Tho campus presents a finer appear,
auce now, than wo have ever seen it. The
flower beds are gay with many colored
flowers, and show the neat and artistic
lasts of our late Janitor. The trees are all
green and lively, and the grass plots have
a very neat appearance. We are in hopes
that the campus will not be allowed to run
down during tho summer months.
The examinations of the past term
closed Tuesday June 20. They were more
satisfactory to both students, and profess,
ors, than any previous examination since
the school started, there weio very few who
did not pass, and we believe there was a
larger amount of honest work done than
is usual when students arc affected with
spring fever, as badly as some of the stu.
dents appear to be.
Tho students at Dormirtory no. 2 had
a dolightful timo a few days before the
close of the term. A supper was given in
honor of F. 0. Morton the vice president
elect of the Palladiau Society. Strawbor
ries and all the icquisitcs tor a feast were
in abundance. Toasts were proposed and
eloquently replied to. The occasion will
over bo remembered by those who prticl
pated. Mind, Mattkh, Monky, Beauty. Web.
stor's Quarto Dictionary, as now published,
has cost more intellectual labor, more
monoy in Its "getting up," and contains
more matter, and a larger number of beau
iiful engravings, (MOO or more, with four
pages of colored plates,) than any single
volume over bofore published for popular
use in this or any other country. It is
largely the standard in England as well as
in this country Bell & Daldy, the pub
linhcrc. of Bohn't. libraries, are the Lon
dot: publisher of this magnificent volume.
There was quite a mad-dog excitement
in tho University a short time ago, some of
tho boys saw a dog panting from tho heat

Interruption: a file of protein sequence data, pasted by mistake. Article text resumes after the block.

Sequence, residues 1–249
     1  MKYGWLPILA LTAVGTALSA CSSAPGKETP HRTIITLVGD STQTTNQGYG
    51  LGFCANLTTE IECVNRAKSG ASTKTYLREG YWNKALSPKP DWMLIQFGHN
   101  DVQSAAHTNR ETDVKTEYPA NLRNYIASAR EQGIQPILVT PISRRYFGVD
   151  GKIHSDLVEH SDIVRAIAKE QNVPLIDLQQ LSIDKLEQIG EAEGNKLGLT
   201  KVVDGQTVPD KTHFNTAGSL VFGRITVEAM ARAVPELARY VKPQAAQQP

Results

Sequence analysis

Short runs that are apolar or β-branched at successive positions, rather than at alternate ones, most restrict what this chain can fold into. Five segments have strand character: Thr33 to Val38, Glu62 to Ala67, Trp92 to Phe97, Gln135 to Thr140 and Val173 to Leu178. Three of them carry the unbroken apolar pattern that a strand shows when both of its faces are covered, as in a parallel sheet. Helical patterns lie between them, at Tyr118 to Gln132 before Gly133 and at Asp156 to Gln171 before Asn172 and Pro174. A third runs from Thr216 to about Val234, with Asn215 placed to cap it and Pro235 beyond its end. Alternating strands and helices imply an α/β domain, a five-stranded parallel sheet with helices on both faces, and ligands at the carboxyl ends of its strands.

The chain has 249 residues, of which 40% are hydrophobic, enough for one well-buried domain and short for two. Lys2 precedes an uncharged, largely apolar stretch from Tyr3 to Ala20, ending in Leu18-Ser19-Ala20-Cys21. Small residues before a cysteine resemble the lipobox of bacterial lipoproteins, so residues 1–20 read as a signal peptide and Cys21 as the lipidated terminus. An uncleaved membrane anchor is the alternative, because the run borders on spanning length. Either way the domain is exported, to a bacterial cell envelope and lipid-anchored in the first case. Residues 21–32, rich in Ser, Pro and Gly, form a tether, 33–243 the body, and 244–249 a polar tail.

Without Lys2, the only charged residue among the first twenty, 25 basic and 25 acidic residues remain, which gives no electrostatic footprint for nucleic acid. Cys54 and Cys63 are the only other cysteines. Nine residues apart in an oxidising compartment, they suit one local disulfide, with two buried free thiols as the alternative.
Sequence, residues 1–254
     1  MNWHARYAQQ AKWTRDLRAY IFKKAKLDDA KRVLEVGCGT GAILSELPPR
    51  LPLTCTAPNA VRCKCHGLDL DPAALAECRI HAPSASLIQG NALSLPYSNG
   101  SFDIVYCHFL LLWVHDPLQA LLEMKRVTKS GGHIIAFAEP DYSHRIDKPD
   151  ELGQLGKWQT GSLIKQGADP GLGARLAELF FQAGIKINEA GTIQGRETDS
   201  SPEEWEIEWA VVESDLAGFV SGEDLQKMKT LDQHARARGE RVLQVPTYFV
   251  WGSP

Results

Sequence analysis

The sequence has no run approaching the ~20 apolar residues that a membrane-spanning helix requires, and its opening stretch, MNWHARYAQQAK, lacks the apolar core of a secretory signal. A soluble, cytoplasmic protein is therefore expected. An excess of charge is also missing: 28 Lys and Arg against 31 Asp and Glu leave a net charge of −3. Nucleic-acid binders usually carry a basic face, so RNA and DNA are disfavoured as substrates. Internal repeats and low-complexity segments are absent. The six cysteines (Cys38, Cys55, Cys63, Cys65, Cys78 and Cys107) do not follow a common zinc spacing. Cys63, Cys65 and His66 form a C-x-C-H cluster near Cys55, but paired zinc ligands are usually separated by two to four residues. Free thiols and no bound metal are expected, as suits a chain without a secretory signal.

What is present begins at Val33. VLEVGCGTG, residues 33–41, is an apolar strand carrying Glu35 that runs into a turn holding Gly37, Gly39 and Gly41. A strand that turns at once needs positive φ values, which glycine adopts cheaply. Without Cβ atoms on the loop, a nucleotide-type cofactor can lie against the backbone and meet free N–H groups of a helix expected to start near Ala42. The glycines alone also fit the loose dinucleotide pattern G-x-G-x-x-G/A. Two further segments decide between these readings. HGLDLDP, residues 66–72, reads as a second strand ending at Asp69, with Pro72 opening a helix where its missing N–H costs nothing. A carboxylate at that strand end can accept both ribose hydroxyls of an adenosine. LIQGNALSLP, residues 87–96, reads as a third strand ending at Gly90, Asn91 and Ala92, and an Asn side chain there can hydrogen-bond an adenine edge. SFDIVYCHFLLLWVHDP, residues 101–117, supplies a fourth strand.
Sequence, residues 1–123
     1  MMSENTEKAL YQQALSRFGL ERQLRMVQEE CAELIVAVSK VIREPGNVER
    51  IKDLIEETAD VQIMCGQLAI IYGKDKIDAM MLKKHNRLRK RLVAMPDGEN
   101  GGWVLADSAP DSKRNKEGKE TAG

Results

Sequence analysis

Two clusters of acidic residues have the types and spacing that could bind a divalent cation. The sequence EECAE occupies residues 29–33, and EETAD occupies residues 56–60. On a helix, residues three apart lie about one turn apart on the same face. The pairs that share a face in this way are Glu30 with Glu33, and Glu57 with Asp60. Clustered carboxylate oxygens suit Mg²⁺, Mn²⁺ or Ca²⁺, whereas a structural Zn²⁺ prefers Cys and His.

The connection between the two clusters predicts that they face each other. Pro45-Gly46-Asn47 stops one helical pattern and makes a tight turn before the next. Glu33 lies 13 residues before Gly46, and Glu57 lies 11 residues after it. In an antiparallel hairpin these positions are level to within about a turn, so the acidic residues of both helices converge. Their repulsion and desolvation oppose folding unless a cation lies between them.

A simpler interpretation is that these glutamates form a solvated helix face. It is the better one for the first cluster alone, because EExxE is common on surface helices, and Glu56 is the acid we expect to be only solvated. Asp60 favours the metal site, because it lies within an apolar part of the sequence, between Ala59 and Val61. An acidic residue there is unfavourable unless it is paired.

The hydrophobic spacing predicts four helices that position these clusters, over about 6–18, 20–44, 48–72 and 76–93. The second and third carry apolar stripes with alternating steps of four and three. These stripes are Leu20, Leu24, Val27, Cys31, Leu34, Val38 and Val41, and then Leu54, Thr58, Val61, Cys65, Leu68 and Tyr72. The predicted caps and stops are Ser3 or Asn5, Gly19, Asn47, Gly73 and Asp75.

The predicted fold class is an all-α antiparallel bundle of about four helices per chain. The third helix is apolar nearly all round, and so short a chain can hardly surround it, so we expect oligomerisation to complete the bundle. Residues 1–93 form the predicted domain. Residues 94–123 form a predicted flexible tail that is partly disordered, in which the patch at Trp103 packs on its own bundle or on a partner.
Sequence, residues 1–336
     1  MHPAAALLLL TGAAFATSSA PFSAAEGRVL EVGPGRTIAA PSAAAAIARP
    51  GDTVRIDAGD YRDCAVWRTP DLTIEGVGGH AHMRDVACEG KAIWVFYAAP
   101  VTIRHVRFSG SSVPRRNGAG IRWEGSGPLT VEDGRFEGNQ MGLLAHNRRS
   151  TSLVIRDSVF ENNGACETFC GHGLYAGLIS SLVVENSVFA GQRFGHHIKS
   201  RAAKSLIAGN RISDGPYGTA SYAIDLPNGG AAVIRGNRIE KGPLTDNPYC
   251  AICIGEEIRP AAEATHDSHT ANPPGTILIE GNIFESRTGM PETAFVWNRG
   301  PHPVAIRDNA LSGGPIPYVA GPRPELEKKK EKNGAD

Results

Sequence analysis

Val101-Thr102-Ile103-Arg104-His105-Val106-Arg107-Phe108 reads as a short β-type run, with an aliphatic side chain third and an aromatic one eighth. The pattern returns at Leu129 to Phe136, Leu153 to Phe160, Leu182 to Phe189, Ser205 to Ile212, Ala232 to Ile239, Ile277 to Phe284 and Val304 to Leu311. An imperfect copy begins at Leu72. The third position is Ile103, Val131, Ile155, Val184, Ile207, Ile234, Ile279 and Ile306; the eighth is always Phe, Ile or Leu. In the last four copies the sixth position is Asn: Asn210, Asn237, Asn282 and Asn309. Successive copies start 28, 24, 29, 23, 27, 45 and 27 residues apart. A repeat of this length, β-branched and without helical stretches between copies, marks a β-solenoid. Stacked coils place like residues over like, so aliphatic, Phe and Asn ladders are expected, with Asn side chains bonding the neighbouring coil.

and supposing it was mad ho run shout
ng mad dog! mad dog!! Tho refiain was
caught up by all tho boys around the build
lug and they hastened to gain tho cupola
whom they said thoy could got a good
view of the dog. They coiud not bo in.
duced to come clown however until one of
the brave Profs, had come with a needle
Kim, and after viewing tho field can-fully,
pioiiottnccd the dog not mad, but hunting
, u place to get out of the heat.
! Maiiimici): Kinney Arguello At the
residence of the Bride's lather on the 28 tilt
by the Rev. Father Bosco. Steptoo Kin-
ney of Nebraska City, and Miss Josephine
Argueiloof Santa Clara, Cal.
Mr. Kinney attended the University tho
first year of its existence, and was an act.
ivo member of the Palladiau society. Mr!
Kinney will make his mark in the State.
Miss Arguello, as we have been informed
is a doseenden toft lie old Spanish stock of
California. Her grandfather and great
grandfather both having been governors
of California under the Mexican govern,
A Senior and Soph, just before one of
the late examinations started from the Uni.
versitydown Eleventh St. the Senior was
telling a big yarn, when they came to the
crossing that leads to the residence of one
of the University's daughters. Both
stopped short, and then ensued about ten
minutes of a painpul suspense each try
ing to entertain the other. Finally Senior
started down the cross street remaiking
that, " I had an errand this way." Soph:
, " I thought you was going home, or we
might have kept right on, as I have an
errand this way too." Then ensued a
tough race, for the first quarter of a mile
they were even, but after that the reporter
of the above, lost sight of them.
Our gentlemanly Janitor Mr. McLain
leaves us at the close of the present term,
: he goes to Paynesvill Ohio to deliver an
address before the members of the alumni,
of tho academy where he graduated, from
there he goes to the Centennial to spend n
few weeks, and fiom thence to Virginia,
where he proposes to purchase a farm, and
settle down for life. The students arc un
der many obligations to him for his many
kindnesses, especially in regard to society
matters, and as a small token of respect
thoy presented him with a tine gold pen
anil holder the best that could be purchased
in the city. George promised to use it in
letting the students know how he was get
ting along. The best wishes of all con
noctcd with the University go with him,
and wo know of no encomium that we
could give him so good, as we heard the
Chancellor pay him a few days before ho
left. One of the students remarked that it
would be hard to find any one to fill Georges
place, as well as he had done, tho'Chancel